It’s the narrative form with random bits of structure behind it that I think is a recipe for disaster.

  2. Grahame Grieve says:

    Hi Andrew

    Let’s be clear on this: HL7 didn’t punt on the problem. For most of HL7 members, CDA was an irrelevance, a curio, one that was mainly a distraction from the real game, v3 – and that was intended to work after your own heart. But the market spoke, much to HL7’s consternation.

    As for only generating from the structured data, that’s fine and often how it’s done where the structured data is everything (and often includes in the NEHTA adoption context) (and it’s sometimes specified in the NEHTA implementation guides). But it’s not always appropriate and therefore not always required either. For instance, pathology report sections, ETP documents – these narratives should be auto-generated. But a clinical letter? no.

    Finally, random bits of data – yes, CDA allows this, but this is not how real people actually build solutions.

    • Andrew Patterson says:

      I dont think v3 works after my own heart either but point taken about how cda ended up where it is.

      For the clinical letter , it should have one free typed narrative section – and then another section with any structured content computably transformed into narrative form. But not a hybrid section. (I haven’t looked how NEHTA are doing the specialist letters so maybe this is how they do it?)

      • Grahame Grieve says:

        why shouldn’t a system that is capable of producing relevant and coherent structured data for a narrative be able to do so? Must you prevent a hybrid section because you don’t think it’s possible?

        In practice, what you describe is how most implementations are actually being developed for the clinical letter work, because the problem of being confident about the data/narrative is a big problem to solve. And I’m not arguing that it’s easy – just that the narrative/data thing is a distraction from the real issues

  3. Thomas Beale says:

    Hi Grahame,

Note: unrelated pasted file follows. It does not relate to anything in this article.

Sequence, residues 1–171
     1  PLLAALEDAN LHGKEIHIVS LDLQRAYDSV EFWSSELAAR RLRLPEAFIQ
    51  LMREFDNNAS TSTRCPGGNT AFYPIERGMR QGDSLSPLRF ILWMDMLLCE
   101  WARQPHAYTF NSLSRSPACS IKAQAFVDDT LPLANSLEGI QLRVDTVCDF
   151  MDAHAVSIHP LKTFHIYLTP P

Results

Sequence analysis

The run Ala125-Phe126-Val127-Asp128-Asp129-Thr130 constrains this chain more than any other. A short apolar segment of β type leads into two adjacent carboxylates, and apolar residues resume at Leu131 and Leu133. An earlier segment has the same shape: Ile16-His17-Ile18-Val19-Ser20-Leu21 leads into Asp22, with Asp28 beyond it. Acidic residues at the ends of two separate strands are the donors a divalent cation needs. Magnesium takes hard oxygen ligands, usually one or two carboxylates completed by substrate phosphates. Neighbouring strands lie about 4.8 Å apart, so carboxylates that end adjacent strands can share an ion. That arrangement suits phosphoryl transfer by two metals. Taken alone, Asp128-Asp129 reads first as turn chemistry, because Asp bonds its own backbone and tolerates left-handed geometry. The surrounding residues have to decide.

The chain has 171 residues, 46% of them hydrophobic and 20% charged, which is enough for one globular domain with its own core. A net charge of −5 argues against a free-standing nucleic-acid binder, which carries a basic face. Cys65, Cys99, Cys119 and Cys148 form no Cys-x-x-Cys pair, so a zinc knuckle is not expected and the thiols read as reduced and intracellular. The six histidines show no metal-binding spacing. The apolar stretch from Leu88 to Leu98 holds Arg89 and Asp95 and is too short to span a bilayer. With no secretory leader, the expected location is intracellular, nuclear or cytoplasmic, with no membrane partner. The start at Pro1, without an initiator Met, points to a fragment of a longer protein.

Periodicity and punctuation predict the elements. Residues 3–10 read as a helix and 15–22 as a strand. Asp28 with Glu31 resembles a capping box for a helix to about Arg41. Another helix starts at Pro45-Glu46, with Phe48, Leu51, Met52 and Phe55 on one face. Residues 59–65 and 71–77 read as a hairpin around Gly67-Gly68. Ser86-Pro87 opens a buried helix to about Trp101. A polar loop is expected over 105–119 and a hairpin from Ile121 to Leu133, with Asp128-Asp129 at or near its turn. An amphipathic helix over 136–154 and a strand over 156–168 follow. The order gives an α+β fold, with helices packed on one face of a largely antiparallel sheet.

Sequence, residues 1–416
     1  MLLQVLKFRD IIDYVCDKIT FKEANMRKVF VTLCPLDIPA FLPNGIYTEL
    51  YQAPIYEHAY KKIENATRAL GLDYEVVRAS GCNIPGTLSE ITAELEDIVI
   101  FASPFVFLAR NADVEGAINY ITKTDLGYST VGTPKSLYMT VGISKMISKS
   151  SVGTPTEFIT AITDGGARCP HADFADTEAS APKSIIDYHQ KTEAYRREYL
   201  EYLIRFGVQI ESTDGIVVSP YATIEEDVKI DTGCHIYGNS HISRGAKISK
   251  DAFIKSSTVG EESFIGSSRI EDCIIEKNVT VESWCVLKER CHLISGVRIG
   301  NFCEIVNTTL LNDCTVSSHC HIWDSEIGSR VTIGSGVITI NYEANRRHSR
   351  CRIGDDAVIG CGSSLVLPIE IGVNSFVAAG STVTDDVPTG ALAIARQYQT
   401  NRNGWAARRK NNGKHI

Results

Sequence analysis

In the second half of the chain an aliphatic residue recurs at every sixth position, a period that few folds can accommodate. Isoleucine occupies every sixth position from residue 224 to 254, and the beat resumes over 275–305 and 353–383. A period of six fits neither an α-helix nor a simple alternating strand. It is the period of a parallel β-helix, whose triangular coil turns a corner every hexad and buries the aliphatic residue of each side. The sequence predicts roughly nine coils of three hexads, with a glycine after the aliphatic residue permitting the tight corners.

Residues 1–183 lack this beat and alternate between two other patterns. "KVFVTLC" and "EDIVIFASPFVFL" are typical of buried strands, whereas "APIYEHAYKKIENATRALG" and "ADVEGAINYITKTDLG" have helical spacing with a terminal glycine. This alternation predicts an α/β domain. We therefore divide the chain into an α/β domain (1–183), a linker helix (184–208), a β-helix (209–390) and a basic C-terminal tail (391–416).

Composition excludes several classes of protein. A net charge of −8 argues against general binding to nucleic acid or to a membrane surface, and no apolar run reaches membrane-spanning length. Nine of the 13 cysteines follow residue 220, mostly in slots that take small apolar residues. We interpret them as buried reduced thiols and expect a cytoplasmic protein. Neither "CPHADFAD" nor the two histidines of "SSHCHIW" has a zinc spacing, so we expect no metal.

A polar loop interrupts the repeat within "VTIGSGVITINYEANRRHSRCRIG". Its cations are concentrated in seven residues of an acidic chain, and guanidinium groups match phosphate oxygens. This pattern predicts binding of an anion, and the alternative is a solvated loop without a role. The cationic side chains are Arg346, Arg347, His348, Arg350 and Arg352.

I am confused. The first part of this post implies that the same problem exists ubiquitously in healthcare so it’s ok with CDA. I am not aware of this as a ubiquitous problem – I know that HL7v2 has a display segment that can carry a displayable form of structured data from elsewhere in the message (Andrew MacIntyre justifiably complains about this all the time). Ok, so some broken HL7v2 messages have this problem. Not all do, and there are Gb of health data carried around by other means. Other than that, I can’t think of any data structure that has this dual format concept.

    In any case, I am not aware that most HL7v2 message content is attested by clinicians in the way that Nehta CDAs are supposed to be. A lot of HL7 message content comes out of machines – humans aren’t routinely checking every message.

    It seems to me difficult to argue for a new system having a non-checkable dual format representation of the same information when there is no formal relationship specified between the two formats, nor correctness conditions stated generally for what the two parts of a CDA should contain – regardless of how bad some existing ehealth data might be today.

    Lastly, why wouldn’t a clinical letter be just a text atom in the structured part, and the narrative part just be blank, or contain a guaranteed copy?

  4. Grahame Grieve says:

    hi Tom

    The problem that exists ubiquitously in healthcare is disagreements over data, poor data, lack of agreement etc. One solution to this is the CDA R2 path. As discussed above, the market adoption of CDA came as quite a surprise to many people.

    Other examples – one that immediately comes to mind is HTML microdata. And, of course, v2 use in Australia, which has come to this point as a pragmatic solution to the problems we have.

    Obviously, in openEHR, your approach is to get agreement to a single data model. But when it comes to something like pcEHR, that’s just governance fantasy. It’s not going to happen.

    I agree that a checkable algorithm for the text would be a good thing – except that if you had that much control over the text, why include it in the first place? Just generate it when you need it, and everyone follows the same algorithm. The fact is that you might as well ask for an algorithm to check that and openEHR archetype has been populated correctly. (note, not that it’s valid, but that it’s actually been used properly). Why don’t you have an algorithm for that?

  5. I commented on this a few months ago on my blog. There certainly is a way to associate each text element in the narrative and ensure that it has associated machine readable data.

    I know of several applications that are capable of generating machine readable data from the narrative, especially in the imaging sector.

    In the US, many systems generate the narrative from the machine readable data.

    In both of these cases, the source systems don’t have any problems ensuring that the two components are aligned.